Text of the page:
The latest Economist has a special report on the state of the news business. The key reminder is that our current, more overtly opinion based journalism is actually a throwback to older models. In the Revolutionary era there was no pretense of objectivity; Thomas Paine wrote deliberately polemical pamphlets. And yellow journalism also offered stridently opinionated reporting. Seen in this light, our hyper-partisan journalistic mode is the norm.
And yet, the conceit of the objective journalist--someone who reports the facts and lets the reader or viewer decide--persists. I think this ideal has value, even if it is a historical anomaly. NYU's JSchool professor Jay Rosen criticizes this as an unrealistic "view from nowhere," since everyone must have some point of view. And Rosen is right that news reports often provide tit-for-tat quoting from people on opposing sides of an issue, creating an illusion of true controversy when in fact there is a consensus that one side is correct. Global warming is a case in point. Almost all scientists believe it is a serious, man-made problem. But news reports create the impression that there is signficant disagreement.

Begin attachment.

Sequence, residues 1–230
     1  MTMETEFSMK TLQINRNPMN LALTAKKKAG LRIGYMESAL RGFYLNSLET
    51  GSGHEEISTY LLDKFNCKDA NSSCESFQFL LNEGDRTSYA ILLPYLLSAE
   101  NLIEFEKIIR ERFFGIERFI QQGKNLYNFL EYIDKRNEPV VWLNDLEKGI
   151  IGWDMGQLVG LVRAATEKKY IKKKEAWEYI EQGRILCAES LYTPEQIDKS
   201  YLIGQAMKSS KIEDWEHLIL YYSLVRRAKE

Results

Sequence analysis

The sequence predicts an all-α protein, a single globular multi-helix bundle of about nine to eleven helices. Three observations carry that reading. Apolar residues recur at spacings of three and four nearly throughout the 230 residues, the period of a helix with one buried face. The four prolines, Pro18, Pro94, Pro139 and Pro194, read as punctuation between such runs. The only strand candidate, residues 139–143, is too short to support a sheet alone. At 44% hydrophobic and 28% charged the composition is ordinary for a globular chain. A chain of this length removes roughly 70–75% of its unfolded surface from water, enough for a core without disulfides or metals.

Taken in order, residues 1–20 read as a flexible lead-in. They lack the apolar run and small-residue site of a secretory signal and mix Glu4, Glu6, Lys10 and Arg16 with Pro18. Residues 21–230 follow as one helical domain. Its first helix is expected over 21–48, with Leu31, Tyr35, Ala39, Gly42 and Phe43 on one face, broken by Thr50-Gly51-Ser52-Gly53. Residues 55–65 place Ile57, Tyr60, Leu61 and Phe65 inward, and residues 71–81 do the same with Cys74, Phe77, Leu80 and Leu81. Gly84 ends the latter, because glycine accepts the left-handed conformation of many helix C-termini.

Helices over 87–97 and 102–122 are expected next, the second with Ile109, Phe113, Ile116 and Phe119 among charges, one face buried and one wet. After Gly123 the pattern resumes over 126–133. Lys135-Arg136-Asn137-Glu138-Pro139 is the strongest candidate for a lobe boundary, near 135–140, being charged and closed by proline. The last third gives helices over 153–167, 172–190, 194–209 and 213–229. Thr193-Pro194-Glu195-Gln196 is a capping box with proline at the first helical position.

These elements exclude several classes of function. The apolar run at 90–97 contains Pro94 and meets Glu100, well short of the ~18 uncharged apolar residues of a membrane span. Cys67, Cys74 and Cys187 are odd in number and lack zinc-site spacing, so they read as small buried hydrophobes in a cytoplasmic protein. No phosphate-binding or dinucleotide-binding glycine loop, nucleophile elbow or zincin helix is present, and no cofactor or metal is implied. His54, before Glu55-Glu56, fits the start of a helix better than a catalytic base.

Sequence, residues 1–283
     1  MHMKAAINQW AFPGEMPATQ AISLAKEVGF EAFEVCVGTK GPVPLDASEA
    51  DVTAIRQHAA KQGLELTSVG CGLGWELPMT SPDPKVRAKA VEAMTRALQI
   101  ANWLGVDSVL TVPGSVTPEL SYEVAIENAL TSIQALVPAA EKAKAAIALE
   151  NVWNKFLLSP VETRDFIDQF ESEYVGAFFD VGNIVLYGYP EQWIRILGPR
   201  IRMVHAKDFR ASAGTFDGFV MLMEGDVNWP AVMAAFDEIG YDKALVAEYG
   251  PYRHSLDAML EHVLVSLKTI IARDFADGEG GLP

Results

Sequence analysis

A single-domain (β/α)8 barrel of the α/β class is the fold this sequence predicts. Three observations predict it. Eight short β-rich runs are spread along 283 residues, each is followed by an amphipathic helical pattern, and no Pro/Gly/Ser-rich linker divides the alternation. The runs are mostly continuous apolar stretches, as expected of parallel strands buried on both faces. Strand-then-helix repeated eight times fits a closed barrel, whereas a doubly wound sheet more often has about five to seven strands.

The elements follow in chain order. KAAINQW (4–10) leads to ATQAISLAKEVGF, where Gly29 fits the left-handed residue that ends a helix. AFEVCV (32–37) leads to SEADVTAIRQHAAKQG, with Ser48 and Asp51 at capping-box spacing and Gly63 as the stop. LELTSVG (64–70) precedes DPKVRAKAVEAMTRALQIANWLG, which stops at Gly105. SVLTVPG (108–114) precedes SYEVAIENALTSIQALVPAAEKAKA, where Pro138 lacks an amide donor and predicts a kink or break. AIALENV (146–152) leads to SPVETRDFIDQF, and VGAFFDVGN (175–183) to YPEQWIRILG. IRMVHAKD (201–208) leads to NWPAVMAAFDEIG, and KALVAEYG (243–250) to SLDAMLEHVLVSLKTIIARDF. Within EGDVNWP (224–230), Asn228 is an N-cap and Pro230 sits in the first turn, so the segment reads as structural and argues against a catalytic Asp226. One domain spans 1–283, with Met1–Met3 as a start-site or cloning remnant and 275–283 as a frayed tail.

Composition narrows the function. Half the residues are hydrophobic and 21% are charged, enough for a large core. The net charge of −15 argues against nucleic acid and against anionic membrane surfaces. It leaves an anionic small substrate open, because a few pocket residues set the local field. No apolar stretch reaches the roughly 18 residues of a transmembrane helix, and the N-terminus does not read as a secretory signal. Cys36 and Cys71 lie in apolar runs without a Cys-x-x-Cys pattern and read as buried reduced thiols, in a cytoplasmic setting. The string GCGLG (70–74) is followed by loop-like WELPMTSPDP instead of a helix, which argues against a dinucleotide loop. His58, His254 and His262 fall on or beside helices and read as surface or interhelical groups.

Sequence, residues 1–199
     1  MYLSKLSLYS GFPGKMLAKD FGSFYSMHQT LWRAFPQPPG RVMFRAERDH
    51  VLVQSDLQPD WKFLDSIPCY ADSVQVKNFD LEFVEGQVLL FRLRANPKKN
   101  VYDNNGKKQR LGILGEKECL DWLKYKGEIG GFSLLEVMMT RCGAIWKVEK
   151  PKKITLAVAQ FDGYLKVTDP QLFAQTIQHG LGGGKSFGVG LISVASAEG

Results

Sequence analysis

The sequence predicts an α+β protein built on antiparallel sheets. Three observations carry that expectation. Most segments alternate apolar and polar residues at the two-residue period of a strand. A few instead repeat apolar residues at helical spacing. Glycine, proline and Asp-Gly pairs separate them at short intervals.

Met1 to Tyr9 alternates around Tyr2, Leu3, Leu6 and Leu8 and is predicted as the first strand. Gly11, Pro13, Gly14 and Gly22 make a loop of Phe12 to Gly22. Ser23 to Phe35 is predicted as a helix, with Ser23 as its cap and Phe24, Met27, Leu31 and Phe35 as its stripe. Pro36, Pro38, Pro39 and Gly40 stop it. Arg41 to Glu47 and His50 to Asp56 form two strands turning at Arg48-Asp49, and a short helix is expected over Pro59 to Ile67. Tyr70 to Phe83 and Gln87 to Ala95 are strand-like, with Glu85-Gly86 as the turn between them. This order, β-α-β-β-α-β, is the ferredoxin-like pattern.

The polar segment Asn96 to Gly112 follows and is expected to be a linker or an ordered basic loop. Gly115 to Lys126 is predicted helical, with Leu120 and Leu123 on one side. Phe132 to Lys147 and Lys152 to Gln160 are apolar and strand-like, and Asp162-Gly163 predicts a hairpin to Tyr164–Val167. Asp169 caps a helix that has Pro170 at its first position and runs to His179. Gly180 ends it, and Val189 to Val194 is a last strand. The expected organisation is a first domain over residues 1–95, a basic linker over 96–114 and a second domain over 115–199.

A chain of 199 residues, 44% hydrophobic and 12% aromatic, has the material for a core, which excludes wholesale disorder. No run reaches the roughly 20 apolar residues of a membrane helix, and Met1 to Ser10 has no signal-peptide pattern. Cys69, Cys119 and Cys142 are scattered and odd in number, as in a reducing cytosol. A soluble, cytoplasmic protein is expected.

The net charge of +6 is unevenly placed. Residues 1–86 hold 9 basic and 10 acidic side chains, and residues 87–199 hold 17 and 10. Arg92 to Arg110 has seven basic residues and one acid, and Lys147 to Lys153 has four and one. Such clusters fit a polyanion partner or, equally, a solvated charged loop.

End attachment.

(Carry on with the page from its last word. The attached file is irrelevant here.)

So, score some points for Rosen. But he goes too far in seeking to banish all disinterested journalism. Many issues are nuanced and complicated, offering a clash of legitimate competing views. For example, are taxes harmful to the economy or a spur to useful public investment? Pundits on all sides of this issue will debate it until the end of time, using competing think tank reports and intellectual sleight of hand. For these types of discussions, disinterested journalism sheds the most light.
True, journalists needn't be automatons who blindly quote people on opposite sides of every issue in equal proportion. But journalists shouldn't become indistinguishable from think tank pundits either. We still need the view from nowhere.